Where Did My ResponseBody Data Go?

NOTE: This Retrofit behavior has been fixed for Retrofit 2.6.0.

I am writing an answer for a Stack Overflow question, and I have with a bug that is not immediately obvious to me.

I want to skip a prefix in an okhttp3.ResponseBody, so that I can forward this body on to be handled without the prefixed bytes. I have code like the following.

void skipUnusedBodyPrefix(ResponseBody value) {
  BufferedSource source = value.source();
  source.skip(source.indexOf(JSON_PREFIX) + 1);

To my surprise, I receive a java.io.EOFException: End of input when I read the body after skipping the prefix. My body is read somewhere too early.

I start with some knowledge about Okio types. True to its name, a BufferedSource buffers. A BufferedSource reads a segment’s size (8KB, but that is an implementation detail) into its internal buffer. With this knowledge, I check and confirm that my small (<8KB) response body is being buffered into my ResponseBody’s BufferedSource.

Then, I realize that my ResponseBody is actually creating a new BufferedSource every time .source() is called on it. Thus, when I pass off my ResponseBody and later call .source() on it to use it, the newly created ResponseBody has none of the body’s already buffered data. The body’s buffered data is lost back in skipUnusedBodyPrefix. This surprises me because .source() usually returns a single BufferedSource cached on the ResponseBody. However, ResponseBody’s API does not require such behavior. In this case, Retrofit’s ResponseBody returns a new BufferedSource instance for every .source() call.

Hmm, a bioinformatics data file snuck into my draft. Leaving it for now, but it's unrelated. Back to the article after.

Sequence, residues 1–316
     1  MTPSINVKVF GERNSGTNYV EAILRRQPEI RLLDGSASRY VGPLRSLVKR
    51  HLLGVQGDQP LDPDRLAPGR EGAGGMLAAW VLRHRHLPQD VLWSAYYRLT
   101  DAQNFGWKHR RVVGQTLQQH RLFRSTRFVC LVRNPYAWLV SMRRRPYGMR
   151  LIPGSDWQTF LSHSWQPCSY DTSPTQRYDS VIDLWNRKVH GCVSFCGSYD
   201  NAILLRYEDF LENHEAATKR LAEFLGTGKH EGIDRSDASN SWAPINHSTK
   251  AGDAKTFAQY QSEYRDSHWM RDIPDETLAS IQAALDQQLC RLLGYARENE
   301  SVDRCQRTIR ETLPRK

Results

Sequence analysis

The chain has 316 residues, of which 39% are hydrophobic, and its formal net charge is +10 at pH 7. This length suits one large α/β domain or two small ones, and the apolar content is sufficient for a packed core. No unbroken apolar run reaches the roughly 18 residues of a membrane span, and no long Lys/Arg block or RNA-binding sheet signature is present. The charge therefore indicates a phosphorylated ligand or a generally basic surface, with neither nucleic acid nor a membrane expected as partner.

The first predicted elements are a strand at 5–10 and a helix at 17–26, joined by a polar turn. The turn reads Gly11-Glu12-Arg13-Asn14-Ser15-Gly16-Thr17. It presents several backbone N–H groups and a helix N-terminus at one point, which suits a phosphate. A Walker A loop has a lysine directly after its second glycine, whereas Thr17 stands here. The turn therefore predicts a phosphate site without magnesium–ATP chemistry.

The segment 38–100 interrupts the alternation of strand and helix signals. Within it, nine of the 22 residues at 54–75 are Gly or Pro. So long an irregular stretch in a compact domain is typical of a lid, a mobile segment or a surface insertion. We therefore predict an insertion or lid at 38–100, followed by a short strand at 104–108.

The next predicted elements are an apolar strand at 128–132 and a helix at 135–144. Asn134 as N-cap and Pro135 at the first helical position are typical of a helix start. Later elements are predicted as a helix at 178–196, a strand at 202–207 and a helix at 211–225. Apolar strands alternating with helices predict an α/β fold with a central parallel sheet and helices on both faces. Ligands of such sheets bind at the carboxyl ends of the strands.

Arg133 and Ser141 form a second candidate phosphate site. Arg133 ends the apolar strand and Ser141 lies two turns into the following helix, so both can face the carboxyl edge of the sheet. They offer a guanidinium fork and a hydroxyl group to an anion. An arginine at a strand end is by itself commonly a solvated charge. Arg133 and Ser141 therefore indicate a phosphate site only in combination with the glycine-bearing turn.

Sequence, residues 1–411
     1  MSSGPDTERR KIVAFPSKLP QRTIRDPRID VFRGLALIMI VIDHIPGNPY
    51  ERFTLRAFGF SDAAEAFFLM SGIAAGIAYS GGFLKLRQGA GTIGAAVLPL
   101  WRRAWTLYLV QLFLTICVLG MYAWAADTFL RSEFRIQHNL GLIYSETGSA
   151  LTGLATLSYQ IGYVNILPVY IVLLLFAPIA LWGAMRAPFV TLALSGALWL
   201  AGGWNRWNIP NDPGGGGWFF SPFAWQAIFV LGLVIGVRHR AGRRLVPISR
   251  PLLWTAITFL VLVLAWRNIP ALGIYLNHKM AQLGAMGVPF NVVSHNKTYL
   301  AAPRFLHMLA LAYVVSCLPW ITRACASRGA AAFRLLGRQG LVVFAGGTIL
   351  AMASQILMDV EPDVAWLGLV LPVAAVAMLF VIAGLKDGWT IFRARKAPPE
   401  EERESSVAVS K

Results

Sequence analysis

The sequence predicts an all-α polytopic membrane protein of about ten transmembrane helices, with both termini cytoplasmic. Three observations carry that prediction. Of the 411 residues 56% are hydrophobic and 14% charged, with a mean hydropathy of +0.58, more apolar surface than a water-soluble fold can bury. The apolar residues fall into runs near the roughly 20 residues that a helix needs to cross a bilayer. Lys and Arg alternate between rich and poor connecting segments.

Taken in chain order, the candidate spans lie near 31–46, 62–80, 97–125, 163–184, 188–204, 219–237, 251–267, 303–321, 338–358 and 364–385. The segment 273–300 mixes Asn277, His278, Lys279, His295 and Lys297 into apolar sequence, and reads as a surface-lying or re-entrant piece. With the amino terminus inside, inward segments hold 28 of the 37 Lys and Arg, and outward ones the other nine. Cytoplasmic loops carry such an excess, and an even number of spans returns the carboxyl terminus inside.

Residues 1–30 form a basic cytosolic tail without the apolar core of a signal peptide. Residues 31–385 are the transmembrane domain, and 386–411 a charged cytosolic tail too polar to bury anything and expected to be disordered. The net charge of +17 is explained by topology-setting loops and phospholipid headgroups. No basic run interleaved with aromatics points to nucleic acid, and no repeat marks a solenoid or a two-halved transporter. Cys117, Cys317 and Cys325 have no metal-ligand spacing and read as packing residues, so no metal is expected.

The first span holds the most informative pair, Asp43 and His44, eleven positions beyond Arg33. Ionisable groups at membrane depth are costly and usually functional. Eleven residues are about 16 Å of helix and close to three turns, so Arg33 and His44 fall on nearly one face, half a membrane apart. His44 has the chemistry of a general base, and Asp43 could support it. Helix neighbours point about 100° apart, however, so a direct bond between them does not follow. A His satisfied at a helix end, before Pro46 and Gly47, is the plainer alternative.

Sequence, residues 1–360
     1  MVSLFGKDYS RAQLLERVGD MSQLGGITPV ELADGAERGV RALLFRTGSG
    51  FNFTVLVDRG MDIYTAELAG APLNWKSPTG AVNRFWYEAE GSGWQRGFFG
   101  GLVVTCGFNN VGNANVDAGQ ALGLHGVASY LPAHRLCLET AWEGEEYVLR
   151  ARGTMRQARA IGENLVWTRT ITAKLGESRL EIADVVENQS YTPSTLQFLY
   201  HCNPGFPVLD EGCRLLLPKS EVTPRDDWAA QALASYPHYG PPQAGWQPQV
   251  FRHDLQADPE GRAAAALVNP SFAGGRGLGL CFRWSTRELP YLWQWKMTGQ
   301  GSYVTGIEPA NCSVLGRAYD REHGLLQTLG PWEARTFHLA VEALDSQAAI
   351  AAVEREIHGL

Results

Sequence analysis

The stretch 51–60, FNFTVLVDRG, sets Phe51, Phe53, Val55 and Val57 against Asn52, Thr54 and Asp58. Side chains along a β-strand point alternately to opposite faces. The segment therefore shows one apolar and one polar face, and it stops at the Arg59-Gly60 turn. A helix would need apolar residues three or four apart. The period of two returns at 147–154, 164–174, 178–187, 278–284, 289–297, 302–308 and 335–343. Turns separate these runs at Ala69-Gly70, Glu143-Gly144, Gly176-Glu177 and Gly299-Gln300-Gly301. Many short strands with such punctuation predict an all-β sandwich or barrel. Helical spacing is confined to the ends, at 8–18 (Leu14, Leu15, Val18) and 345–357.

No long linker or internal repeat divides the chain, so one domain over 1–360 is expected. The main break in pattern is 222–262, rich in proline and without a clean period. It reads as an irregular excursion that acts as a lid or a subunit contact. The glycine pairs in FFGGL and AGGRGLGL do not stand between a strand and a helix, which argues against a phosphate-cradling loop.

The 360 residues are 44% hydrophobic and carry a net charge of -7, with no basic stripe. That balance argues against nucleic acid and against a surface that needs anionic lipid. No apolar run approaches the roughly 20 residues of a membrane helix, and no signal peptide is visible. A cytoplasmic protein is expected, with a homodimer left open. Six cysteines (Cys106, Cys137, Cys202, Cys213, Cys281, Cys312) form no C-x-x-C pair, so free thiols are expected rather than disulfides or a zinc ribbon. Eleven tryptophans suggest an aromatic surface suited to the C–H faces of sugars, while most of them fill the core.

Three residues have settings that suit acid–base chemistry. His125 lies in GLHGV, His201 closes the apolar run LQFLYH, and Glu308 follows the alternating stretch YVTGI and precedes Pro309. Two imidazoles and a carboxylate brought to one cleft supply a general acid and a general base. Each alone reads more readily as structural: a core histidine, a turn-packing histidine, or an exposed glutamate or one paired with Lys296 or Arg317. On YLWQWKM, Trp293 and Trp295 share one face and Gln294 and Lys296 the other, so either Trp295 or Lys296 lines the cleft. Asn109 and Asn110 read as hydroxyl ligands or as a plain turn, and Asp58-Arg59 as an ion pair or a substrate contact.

To fix this, I create a new ResponseBody that reuses my BufferedSource and passes this ResponseBody on to be used.

ResponseBody withoutUnusedBodyPrefix(ResponseBody value) {
  BufferedSource source = value.source();
  source.skip(source.indexOf(JSON_PREFIX) + 1);
  return ResponseBody.create(
      value.contentType(), value.contentLength(), source);

Fixed. We skip the prefixed bytes, pass the new ResponseBody on to be read, and our solution works now.

Knowing a little Okio helps, even when we application-layer developers normally only touch high-level abstractions like Retrofit converters.